I wonder if the real high-end guys will take this stuff seriously - did you see the specs on the integrated? 130dB S/N ratio at full output w/.004% distortion. And the S/N ratio on the preamp/processor is one of the best out there too. Too bad about no upconversion to HDMI, but NAD's typical strategy is to wait for technology like that to drop from, say $150 cost to add it, to $30 to add in. Otherwise, they have to add too much to the retail. But heck, how many preamps above $5000 even *have* HDMI anything? A couple? Greg at NAD says that HDMI is such a PITA right now because it's such a moving target that they were just happy to be able to get anything in there. The 7-ch power amp weighs 96lbs. Yikes. I've known Greg for a long time and I actually had a lot of input on Masters (we started talking about developing this series 2.5 years ago) and I've never seen him actually *giddy* before. :
Regarding HDMI, I could write a book on the subject. To put it succinctly, what is promised by HDMI does not currently exist. It is moving very fast, and there are a lot of new HDMI chips being introduced that will open some of the features you are noting. It will be the big boys like Sony that will be first with the latest, since they can move a lot of silicon. The currently available chips are limited on the audio side to 2 channels at 48kHz. The next generation of chips (just being announced now) promise to improve this to 8 channels at 96kHz. As far as I know there is no agreement between HDMI and SACD. Since HDMI is a PCM format, I don't see how it could even work without throwing away the advantages of DSD.
There are other issues that still need more work, like sending HDMI over long distances, putting OSD on the HDMI signal, improving the connector to a locking type, improving compatibility between devices, etc. These will allbe solved in due time. Right now the technology is pretty good at sending a signal from a DVD player to an adjacent TV set. All the stuff that we want to be able to do is still in the infancy stage.
The M55 and M15 are '2nd' generation HDMI, so they have full HDCP support, but only 2 channel audio.
Ironically, it will be the low end products that benefit the most from HDMI by eliminating D/A and A/D conversions. High end products have such transparent D/A and A/D converters that you only gain a little by staying digital. In fact, with HDMI there is a lot less tweaking that can be done to the video signal - what you get is what you get, very few adjustments are possible- so the final picture may actually look better via component video.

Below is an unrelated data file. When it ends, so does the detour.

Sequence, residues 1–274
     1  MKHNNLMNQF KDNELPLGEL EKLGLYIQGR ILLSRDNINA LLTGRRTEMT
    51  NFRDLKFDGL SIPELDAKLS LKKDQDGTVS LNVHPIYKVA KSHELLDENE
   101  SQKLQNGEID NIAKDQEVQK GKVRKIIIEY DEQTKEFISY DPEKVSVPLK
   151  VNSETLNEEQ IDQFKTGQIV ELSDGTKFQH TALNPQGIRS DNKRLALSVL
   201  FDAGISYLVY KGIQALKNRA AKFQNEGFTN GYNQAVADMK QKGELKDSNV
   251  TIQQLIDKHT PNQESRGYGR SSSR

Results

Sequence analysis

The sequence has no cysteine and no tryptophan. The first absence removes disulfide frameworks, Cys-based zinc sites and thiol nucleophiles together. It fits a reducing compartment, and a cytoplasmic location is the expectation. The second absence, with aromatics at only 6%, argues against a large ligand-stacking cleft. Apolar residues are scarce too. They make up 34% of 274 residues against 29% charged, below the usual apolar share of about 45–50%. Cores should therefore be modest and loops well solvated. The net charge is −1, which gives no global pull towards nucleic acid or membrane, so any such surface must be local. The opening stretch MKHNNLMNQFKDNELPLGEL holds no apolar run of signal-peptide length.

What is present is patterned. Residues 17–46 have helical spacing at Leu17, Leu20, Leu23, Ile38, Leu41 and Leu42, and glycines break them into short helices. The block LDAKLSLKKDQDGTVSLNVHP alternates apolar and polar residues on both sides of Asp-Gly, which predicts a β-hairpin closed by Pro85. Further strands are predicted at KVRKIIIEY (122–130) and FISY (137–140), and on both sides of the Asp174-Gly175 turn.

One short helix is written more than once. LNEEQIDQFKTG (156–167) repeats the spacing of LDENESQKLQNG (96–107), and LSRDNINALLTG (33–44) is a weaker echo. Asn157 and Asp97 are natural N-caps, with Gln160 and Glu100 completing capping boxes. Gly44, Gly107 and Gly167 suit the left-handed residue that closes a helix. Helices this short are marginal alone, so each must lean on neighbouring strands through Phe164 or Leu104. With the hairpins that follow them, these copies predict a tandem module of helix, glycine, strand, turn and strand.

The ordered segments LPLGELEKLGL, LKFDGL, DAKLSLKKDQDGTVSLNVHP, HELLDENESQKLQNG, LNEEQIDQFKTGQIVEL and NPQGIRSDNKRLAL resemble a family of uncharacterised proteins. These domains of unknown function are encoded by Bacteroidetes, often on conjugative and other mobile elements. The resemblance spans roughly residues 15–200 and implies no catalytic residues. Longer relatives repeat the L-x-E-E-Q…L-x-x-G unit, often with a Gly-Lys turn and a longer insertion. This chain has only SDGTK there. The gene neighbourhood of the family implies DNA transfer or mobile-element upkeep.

The audio and video performance of the M15 is really spectacular - we have some interesting technology in the audio section that maximizes the resolution of the DACs based on how many post processes are running. It is called Dynamic Headroom Scaling, adjusting gain in both the digital and analog domains to optimize noise and distortion for every possible setting of bass management, surround mode, and gain setting.
HDMI is maturing, in stages, to the final spec that has been announced. The
bandwidth hog is HD video, especially 720p and 1080p. Firewire cannot
handle this. Now, except for broadcast TV, there are no sources with native
resolution this high, but we know it is coming with BluRay or DVD HD or
whatever it turns out to be. One of the problems with HD digital signal is
getting Hollywood to release property in hi-rez. This is where the HDCP
comes in; this very robust encryption keeps the signal secure. It also adds
a lot of complication and expense (yet another license).
Because HDMI is being driven by the video interests, video performance has
been focused on first. As you know, HDMI is based on the PC format of DVi
with encryption and audio added. This is pretty much the way it is rolling
out, with the first HDMI a DVi cable with a different connector and 2
channel audio, then HDCP was added, and now multi-channel audio is next.
There isn't any way to upgrade older versions; it is a 'sealed system' due
to HDCP. But it is the video that is the trick. We have other ways to
handle the audio that are very good, the advantage with HDMI is higher bit
rate PCM like DVD-A. The problem we have now is getting the consumer
excited about DVD-A. Right now compressed formats have far more interest
There are other system architectures that open up once we have a good robust
wide bandwidth 'pipe' like HDMI. So I think your digital preamp is a
possibility for the future. It will be a trade-off between cost and
performance. Right now, such a device would be expensive, so you'll see
someone like Meridian get there first.
Just keep in mind that HDMI is not just a new connector on the same old
wire. It is an incredibly complex interface that is operating at RF
bandwidth. It is extremely sensitive and difficult to engineer. Like all
things digital, everything has to be perfect or it won't work.
M3 uses analog filters. The M3 has a PURE ANALOG signal path under full digital control. We have digital things in the works, but the M3 is likely to stand as the all time benchmark for analog performance. The only product I know of that can match or exceed the M3 noise and distortion spec is the Halcro. There will be a market for analog for a long time to come, and we know of no digital amps that can meet this spec (yet). The M3 has 10 times less distortion than anything within twice its price point.
Well, when I say "giddy", for Greg, that *is* giddy. Any time I can get him to type more than a line or two, he's really excited